Treatment for COVID-19 in Patients Requiring Antibiotic Treatment

No specific routine treatment is recommended. Antiviral treatment follows the same indications as for any patient infected with COVID-19. To date, only confirmed cases have been treated, recording in the medical record that a specific treatment has been proposed for which the patients have given their consent (at least verbally). Hydroxychloroquine and lopinavir/ritonavir are currently being used. In elderly and/or polymedicated patients, only hydroxychloroquine is preferred, although it should be avoided in case of liver disease. The most severe patients may also receive treatment with interferon β/tocilizumab, and even remdesivir has been considered.18–20 However, the degree of evidence for these treatments is very limited and based fundamentally on the experience accumulated to date.

Other recommended complementary measures are oxygen therapy and avoiding administering corticosteroids and nebulizers. Regarding the use of drugs that can alter the expression and/or function of the angiotensin-converting enzyme 2 (ACE2), the data are too preliminary to make any firm recommendations. In this case, the use of NSAIDs such as ibuprofen could be questioned, although there is no clear evidence in humans that it can favor the infection or worsen its course. Regarding the therapeutic management of a possible intra-abdominal infection, initially the recommended guidelines for this type of situation should not be modified, neither generally nor according to the protocols of each hospital.21 It is strongly recommended to check the interactions of antiviral drugs. There are currently online registries such as www.covid19-druginteractions.org where updated interactions can be easily consulted.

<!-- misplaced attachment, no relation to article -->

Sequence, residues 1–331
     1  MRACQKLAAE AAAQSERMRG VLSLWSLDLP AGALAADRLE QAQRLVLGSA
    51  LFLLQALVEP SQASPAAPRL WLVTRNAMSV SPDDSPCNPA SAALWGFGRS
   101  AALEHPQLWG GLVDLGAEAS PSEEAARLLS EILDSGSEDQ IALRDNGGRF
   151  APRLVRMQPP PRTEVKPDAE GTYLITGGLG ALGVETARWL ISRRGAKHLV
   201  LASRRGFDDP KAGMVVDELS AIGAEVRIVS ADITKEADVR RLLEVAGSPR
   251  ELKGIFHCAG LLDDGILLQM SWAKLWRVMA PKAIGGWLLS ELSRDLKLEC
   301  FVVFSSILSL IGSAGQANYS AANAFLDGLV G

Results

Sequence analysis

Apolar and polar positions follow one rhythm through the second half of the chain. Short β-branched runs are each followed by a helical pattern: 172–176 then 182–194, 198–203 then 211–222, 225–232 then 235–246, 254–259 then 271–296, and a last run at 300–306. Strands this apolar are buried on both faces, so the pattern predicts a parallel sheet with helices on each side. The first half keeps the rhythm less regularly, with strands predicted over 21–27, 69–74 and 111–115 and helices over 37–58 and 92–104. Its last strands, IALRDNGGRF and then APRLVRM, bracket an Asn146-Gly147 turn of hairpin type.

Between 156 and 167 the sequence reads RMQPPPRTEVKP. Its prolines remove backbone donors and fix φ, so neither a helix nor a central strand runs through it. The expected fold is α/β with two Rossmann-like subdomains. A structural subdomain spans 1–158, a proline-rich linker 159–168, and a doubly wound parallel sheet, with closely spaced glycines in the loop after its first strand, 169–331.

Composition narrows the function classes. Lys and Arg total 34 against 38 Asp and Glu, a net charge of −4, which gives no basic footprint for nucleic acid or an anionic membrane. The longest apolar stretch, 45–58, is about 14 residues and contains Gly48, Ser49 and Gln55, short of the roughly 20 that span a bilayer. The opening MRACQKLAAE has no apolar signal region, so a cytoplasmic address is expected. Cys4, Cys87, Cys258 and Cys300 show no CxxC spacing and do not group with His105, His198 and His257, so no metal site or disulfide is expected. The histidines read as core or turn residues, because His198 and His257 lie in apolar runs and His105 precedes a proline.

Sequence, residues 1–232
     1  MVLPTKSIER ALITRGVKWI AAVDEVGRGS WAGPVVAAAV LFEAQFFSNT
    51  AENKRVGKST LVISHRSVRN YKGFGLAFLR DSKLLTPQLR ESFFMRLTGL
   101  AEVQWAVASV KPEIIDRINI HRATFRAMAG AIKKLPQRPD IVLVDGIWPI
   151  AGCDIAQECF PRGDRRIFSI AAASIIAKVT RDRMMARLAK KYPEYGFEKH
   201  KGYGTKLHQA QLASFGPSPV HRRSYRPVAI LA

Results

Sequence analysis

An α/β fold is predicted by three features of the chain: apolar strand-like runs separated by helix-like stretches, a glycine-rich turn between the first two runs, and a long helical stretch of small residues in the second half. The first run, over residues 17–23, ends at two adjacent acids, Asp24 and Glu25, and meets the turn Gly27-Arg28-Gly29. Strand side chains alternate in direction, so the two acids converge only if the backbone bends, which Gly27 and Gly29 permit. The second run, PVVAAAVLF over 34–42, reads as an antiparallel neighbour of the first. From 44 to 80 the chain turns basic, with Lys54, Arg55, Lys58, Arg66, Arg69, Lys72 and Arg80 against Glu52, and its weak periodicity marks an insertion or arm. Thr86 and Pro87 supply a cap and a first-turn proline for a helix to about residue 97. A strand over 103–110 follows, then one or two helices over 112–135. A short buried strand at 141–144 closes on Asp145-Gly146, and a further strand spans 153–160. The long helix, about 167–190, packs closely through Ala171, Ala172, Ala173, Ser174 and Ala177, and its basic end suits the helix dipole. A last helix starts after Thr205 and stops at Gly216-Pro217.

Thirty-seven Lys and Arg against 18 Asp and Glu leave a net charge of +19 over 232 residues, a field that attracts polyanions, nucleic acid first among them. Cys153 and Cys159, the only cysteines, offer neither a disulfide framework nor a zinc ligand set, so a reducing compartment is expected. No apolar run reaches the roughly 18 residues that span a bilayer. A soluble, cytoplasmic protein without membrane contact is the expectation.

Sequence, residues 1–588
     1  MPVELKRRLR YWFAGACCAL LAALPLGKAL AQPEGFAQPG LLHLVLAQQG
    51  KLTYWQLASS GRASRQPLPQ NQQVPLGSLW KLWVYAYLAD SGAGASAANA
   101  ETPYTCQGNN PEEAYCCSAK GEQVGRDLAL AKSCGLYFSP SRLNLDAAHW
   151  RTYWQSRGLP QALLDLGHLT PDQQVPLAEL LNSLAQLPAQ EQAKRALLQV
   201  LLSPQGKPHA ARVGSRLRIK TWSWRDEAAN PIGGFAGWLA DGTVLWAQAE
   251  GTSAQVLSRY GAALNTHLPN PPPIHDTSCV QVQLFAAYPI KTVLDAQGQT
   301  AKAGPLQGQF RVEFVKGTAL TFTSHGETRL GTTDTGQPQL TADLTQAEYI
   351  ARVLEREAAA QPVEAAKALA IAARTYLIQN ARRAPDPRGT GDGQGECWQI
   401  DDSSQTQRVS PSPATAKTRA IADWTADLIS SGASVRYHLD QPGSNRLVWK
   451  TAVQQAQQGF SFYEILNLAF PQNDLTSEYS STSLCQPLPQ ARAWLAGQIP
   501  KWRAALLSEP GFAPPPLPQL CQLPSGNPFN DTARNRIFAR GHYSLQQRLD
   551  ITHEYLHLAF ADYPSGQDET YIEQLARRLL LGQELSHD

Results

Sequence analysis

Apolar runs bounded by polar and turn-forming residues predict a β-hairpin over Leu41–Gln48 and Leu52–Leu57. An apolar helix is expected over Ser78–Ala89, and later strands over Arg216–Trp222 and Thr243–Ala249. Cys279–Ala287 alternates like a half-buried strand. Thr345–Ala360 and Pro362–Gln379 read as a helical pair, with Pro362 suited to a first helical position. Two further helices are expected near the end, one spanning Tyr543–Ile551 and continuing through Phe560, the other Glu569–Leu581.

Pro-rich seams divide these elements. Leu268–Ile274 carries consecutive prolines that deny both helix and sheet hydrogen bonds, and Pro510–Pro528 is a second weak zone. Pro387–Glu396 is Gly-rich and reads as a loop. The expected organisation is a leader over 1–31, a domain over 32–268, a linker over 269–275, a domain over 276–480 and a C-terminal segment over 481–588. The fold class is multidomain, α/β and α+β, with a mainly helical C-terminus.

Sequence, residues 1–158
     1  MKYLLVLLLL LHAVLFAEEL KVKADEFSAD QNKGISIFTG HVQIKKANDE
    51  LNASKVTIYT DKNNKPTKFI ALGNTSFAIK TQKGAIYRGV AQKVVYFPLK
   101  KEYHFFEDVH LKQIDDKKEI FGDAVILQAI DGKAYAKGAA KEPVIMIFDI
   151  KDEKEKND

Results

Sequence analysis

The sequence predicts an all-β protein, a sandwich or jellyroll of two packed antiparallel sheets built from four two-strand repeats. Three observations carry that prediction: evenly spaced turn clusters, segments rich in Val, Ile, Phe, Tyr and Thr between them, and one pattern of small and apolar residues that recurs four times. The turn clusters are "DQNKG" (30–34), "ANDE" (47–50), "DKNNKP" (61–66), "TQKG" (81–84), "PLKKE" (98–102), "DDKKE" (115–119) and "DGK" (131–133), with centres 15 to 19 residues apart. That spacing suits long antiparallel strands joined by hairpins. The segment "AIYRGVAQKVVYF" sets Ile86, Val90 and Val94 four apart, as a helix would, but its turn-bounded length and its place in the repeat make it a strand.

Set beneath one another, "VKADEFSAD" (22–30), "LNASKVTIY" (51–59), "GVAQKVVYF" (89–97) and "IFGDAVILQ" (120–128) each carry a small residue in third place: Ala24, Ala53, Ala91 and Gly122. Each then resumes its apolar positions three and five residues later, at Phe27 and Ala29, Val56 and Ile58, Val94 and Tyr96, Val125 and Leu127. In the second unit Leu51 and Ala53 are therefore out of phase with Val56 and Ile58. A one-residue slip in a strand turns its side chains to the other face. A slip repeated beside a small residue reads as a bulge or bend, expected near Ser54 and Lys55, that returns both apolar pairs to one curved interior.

Approach to a Member of the Surgical Team With Suspected COVID-19 Infection9

Any member of the healthcare staff who has had close contact with a patient under investigation with probable or confirmed of coronavirus infection should immediately notify the Preventive Medicine/Occupational Health/Occupational Risk Prevention Department of their hospital. This department will establish the approach to follow based on general and local recommendations as well as the corresponding hospital protocol. Depending on the presence of community transmission, active or passive surveillance protocols will be established.

Table 6 shows the definitions of epidemiological contacts and the approach to follow in each case. The hospital service in charge must carry out an individualized risk assessment, the result of which will be communicated to the Public Health services of the autonomous community. The evaluation must take into account the following aspects:

  • A.

    Type of exposure (e.g., procedures that generate aerosols, such as aspiration of the respiratory tract, intubation or bronchoscopy, resuscitation maneuvers, laboratory accidents)

  • B.

    Exposure time (more than 15min less than 2m away)

  • C.

    Service in which they carry out their healthcare activity (units with especially vulnerable patients, such as hematology, ICU, oncology or burn units)

Table 6.

Classification of Contact Types and Approach.

Type of Contact  Approach 
1. Close contact with a probable/confirmed case of COVID-19 with adequate use of personal protective equipment  Continue with normal healthcare activity and carry out passive surveillance for the appearance of symptoms. 
2. Close contact with probable/confirmed case of COVID-19 without personal protective equipment  a. If it is considered a high-risk exposure: withdraw from healthcare activities for 14 days or consider relocation to another area of the hospital. People must be reachable throughout the follow-up period. In general, social activities and non-essential travel should be limited.